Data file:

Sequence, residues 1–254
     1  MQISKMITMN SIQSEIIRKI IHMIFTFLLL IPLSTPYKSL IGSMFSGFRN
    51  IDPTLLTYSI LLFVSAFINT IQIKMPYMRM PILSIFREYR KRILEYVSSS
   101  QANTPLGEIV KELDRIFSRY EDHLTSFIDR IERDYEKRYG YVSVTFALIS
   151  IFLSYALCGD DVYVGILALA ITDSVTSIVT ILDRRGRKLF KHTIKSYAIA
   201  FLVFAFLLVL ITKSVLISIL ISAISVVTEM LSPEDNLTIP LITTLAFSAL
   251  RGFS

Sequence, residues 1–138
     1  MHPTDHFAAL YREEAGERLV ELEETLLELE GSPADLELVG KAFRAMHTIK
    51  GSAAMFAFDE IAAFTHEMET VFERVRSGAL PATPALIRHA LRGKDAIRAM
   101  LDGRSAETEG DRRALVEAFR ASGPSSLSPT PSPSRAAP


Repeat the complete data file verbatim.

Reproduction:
Sequence, residues 1–254
     1  MQISKMITMN SIQSEIIRKI IHMIFTFLLL IPLSTPYKSL IGSMFSGFRN
    51  IDPTLLTYSI LLFVSAFINT IQIKMPYMRM PILSIFREYR KRILEYVSSS
   101  QANTPLGEIV KELDRIFSRY EDHLTSFIDR IERDYEKRYG YVSVTFALIS
   151  IFLSYALCGD DVYVGILALA ITDSVTSIVT ILDRRGRKLF KHTIKSYAIA
   201  FLVFAFLLVL ITKSVLISIL ISAISVVTEM LSPEDNLTIP LITTLAFSAL
   251  RGFS

Sequence, residues 1–138
     1  MHPTDHFAAL YREEAGERLV ELEETLLELE GSPADLELVG KAFRAMHTIK
    51  GSAAMFAFDE IAAFTHEMET VFERVRSGAL PATPALIRHA LRGKDAIRAM
   101  LDGRSAETEG DRRALVEAFR ASGPSSLSPT PSPSRAAP